Your organization connects volunteers with homeless shelters to play with children and support healthier childhood development. To prepare for your upcoming orientation, all prospective volunteers have had one-on-one conversations with staff about their shared understanding of the systemic cyclical nature of poverty, as well as have had a general run down of the organizations mission and vision. Your goals for this orientation will be building a deeper shared political understanding of the work as well as providing the volunteers with tangible skills for working with these children. This is a 4 hour session.
Volunteer Orientation #2— Optional
A service-learning group at a local college has decided they want to spend a day of service for the organization. The team decides that you’ll invite them to the orientation pre-service to pair the experience with a political analysis.
Skill level 2
Ice Breakers/Games –
-Interactive on topic – communication
-Communication – related
-why are you here
– why is storytelling important?
Trust Building Activities –
-Journaling – Write narrative individually
– story telling
Fish bowl – Role Plays
Giving & Receiving Feedback
Skill level 3
a. Purpose of mtg
b. Reviews of agenda/time/questions
2. Pairshare – (w/ someone you don’t know)
a. How will the school closures affect you?
3. Report back & introduce partner
a. One common theme in stories
a. What does this school mean to you?
b. 1 particularly meaningful experience that you remember
5. Small groups – mixed –
a. sharing your story
6. Large group share – w person chosen from each small group
7. Closing & review day & next steps.
Skill Level 3
12-12:10- Eat & Gather
12:10-12:15 – Intros
12:15-12:20 – kids song
12:20-12:30 – Logistics & welcome & norms
12:30-12:45 – Video on homelessness in DC
12:45- popcorn debrief
12:55- pairshare – perspectives w/ homelessness
1:10 – assumptions & expectations
1:30 – break
1:45 – roleplay scenarios & debrief’s
-do’s and don’ts
3:00 – break
3:15 –questions in a hat & discussion – re: hopes & concerns
3:45 – Logistics
3:55 – Call to action.
Skill Level 2
I. (30 minutes) Introductions –
a. Prefered gender pronouns
b. Why are you here?
c. Goals/agenda review
d. Excellent video & transitional moment
II. (1 hr) Storytelling –
a. Guided questions (introduce with facilitator narrative/org’s POV)
b. Small groups (four groups of five)
(10 minute break)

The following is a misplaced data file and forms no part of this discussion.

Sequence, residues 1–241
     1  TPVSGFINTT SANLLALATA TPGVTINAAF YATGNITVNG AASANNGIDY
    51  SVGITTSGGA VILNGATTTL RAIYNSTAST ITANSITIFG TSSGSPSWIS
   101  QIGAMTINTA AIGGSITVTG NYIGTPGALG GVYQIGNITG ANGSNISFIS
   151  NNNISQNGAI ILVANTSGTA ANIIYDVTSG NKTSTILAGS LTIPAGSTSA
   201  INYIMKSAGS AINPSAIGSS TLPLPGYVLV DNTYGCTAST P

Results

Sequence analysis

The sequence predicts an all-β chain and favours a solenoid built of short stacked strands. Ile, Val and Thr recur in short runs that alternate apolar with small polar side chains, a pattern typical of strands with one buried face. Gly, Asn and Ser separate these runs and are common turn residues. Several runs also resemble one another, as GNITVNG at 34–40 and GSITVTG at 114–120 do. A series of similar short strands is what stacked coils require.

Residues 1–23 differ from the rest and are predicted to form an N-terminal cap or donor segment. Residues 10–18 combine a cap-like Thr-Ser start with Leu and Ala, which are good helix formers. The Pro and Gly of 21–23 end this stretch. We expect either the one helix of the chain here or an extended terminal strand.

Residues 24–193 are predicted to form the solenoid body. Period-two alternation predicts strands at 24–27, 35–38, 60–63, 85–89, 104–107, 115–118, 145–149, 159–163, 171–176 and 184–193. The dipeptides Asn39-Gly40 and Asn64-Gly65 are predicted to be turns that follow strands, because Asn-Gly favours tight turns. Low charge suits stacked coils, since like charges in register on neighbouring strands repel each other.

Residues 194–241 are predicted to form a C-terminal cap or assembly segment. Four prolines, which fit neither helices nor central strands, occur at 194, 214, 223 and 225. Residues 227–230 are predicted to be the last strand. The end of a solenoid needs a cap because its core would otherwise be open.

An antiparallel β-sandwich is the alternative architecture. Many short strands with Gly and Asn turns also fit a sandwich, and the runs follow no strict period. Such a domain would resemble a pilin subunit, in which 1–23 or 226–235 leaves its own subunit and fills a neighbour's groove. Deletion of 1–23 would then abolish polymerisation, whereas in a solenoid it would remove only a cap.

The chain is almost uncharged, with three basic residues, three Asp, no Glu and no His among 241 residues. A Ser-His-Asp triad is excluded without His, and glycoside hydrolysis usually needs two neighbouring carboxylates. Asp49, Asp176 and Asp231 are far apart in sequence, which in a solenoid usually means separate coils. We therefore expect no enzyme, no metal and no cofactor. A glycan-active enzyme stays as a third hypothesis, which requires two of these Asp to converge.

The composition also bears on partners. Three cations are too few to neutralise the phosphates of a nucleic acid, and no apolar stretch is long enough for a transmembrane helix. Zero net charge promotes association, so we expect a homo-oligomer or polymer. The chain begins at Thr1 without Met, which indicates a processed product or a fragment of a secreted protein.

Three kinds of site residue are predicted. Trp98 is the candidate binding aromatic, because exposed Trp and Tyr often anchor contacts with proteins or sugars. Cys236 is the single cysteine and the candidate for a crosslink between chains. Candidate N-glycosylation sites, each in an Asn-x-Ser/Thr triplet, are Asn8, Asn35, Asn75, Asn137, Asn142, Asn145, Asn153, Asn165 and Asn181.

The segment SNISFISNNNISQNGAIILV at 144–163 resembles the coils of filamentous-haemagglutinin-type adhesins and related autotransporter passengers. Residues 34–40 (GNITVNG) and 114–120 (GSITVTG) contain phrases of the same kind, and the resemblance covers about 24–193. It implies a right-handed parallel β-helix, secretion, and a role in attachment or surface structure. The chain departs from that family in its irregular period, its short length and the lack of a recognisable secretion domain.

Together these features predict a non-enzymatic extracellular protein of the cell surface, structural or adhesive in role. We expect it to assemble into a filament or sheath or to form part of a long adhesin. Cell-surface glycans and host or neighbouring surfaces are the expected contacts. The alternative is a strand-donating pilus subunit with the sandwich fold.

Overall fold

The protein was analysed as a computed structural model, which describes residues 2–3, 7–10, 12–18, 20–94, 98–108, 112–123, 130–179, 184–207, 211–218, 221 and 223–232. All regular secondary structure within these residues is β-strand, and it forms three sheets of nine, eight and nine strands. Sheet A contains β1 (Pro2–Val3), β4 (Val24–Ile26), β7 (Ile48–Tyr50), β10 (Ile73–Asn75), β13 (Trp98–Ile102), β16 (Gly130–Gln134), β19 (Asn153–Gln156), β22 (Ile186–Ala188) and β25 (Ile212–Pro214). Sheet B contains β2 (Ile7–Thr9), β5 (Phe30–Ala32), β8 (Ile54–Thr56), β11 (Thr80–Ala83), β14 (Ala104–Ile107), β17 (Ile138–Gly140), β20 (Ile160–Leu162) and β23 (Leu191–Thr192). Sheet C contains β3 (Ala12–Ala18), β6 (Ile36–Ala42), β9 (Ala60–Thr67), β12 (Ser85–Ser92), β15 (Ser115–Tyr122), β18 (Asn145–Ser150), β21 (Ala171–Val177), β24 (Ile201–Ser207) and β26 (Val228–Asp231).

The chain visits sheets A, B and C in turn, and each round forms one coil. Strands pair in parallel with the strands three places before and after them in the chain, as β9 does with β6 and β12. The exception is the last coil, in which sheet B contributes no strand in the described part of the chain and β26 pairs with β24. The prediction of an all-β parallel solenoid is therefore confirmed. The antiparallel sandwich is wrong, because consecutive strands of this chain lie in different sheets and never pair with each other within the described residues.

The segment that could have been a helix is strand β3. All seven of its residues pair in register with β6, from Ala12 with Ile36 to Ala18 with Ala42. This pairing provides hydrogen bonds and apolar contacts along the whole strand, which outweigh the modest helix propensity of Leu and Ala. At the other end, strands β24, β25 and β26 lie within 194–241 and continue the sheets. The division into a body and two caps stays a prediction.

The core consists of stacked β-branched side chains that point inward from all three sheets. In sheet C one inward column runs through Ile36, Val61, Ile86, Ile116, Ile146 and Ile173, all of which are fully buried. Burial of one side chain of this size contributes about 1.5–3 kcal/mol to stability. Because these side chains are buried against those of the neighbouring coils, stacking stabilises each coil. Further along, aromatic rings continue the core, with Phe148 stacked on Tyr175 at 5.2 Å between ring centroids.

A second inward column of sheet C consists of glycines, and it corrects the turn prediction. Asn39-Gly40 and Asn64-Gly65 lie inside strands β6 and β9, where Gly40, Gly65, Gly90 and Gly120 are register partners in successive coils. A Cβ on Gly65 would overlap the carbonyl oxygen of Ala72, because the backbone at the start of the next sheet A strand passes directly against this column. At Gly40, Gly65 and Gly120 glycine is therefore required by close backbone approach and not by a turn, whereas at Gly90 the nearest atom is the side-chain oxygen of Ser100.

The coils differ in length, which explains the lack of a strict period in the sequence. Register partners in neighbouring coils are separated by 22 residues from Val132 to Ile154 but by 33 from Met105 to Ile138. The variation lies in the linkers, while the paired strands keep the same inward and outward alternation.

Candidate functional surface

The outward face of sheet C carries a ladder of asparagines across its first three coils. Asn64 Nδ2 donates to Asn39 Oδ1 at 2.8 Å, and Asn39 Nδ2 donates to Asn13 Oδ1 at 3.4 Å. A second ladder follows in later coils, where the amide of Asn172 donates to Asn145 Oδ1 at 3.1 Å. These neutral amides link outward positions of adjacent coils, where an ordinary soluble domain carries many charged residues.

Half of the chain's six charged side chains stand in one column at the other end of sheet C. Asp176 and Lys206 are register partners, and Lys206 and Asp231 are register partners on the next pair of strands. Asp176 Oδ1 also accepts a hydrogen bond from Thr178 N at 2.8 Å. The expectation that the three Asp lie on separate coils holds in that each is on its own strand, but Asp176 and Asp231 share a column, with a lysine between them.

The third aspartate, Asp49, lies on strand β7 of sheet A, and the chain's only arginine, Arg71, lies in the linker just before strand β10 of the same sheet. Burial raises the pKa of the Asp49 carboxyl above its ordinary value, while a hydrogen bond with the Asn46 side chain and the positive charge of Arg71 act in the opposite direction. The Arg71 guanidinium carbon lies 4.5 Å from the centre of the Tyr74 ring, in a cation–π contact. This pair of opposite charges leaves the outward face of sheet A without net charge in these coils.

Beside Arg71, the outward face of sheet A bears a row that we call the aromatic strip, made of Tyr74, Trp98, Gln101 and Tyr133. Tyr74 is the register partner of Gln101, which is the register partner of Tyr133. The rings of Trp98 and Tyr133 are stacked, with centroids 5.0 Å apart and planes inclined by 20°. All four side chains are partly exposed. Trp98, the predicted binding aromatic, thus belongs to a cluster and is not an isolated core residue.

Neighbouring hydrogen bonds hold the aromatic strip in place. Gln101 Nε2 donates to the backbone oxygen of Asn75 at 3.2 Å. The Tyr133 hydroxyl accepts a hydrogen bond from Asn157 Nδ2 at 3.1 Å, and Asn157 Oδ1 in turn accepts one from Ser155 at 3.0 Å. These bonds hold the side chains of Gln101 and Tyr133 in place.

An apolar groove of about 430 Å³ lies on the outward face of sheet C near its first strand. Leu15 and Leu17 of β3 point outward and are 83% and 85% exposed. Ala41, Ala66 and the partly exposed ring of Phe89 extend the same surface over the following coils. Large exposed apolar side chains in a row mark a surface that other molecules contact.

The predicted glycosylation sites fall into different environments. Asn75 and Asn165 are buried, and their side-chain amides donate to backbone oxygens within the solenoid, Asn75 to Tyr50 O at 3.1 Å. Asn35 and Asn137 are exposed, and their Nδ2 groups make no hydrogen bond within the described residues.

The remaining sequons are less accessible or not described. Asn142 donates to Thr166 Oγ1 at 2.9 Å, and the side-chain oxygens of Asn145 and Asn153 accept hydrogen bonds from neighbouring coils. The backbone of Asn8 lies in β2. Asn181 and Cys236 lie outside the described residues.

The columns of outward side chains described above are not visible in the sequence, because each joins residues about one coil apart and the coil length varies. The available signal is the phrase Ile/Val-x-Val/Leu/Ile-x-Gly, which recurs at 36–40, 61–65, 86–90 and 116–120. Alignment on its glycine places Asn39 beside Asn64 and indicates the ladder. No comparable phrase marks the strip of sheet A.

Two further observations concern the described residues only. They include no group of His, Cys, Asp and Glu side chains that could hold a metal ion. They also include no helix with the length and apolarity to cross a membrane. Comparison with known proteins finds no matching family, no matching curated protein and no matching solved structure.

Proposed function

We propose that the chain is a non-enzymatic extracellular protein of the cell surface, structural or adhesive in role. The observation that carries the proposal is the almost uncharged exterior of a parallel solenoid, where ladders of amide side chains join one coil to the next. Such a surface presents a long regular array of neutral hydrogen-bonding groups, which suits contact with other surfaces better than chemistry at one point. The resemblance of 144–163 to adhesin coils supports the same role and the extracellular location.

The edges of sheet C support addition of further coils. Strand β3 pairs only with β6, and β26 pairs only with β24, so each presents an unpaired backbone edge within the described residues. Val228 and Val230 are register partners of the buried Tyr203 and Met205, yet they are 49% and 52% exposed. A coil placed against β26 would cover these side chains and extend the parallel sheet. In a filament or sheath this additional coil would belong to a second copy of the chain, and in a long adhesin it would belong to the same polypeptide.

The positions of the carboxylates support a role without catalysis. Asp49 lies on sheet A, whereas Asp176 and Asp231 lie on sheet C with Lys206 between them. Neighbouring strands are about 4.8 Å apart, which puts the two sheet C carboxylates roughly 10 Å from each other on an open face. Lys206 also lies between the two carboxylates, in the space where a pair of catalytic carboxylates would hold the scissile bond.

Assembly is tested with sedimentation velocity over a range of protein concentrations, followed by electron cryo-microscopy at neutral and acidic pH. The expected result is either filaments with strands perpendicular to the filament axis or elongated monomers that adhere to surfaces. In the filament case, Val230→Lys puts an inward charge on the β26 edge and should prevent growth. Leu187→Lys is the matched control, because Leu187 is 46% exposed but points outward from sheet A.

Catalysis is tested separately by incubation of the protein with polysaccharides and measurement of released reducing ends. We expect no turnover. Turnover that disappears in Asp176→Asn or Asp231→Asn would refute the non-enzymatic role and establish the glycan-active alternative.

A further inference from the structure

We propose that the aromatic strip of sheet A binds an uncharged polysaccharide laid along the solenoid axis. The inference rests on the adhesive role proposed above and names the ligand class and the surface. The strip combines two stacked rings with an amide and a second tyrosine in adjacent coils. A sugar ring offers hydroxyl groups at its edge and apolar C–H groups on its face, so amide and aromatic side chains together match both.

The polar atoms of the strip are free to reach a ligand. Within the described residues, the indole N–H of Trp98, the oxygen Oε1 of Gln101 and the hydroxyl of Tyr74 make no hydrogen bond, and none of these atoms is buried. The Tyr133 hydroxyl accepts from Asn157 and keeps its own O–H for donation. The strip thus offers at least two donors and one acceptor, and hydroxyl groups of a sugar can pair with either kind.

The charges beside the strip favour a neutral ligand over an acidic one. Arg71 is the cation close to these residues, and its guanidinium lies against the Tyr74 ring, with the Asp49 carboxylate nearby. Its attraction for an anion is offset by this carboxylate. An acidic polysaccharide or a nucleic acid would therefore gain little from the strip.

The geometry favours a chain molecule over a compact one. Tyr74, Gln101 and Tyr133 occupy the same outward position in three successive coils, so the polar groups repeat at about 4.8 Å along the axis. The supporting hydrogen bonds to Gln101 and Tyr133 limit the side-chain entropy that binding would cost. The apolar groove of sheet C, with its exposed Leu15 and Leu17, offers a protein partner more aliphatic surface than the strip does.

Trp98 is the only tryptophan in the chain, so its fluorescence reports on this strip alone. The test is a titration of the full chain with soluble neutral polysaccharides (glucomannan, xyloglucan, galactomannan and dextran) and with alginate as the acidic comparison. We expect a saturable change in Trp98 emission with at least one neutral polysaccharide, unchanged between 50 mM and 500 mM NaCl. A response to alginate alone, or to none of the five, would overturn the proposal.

III. (1 hr) Roleplay
a. Situations/spikes (relationships/boundaries, challenges, etc.)
b. Give/receive feedback
IV. (20 minutes) check in & energizer game (to tie things together
V. (40 minutes) Brainstorming activities
a. Brainstorming activies
b. Practice activity simulation & role assignment to spice it up
VI. (20 minutes) closing & next steps
a. Pairshare & volunteer popcorn
- goals –“build share understanding and cyclical nature of poverty + tangible skills”
- volunteer action: “play with children to support healthier child development”
- contract in group dynamic.
- new activity – energizer and ask questions anonymously – “snowball” exercise
- don’t forget energizers, esp in a 4 hour training
- breaking it into bigger chunks vs smaller exercises = easier to see flow
- people need to feel appreciated – creating a space for affirmations at the end of a workshop
- don’t forget to be explicit – eg why is storytelling important. be explicit re goals and expectations.
- it’s important to meet people where they’re at and don’t assume ppl know stuff.
- liked being sorted by colors and shapes and able to self identify
- dynamic activities – “step in” exercise – use your body and energy
- liked the sections that were clear – could see flow of how things are structured
- what is the information people need and creative ways to transmit info – skits, brainstorming, etc.
- connecting each piece of agenda to larger goal
- you can get through content while being creative and interactive
- you can say no if adding a piece would prevent you from getting to our goals
- have interactive childcare that will also help with goals of training – engage the younger kids too.
- you can say no – sometimes it’s important to do that.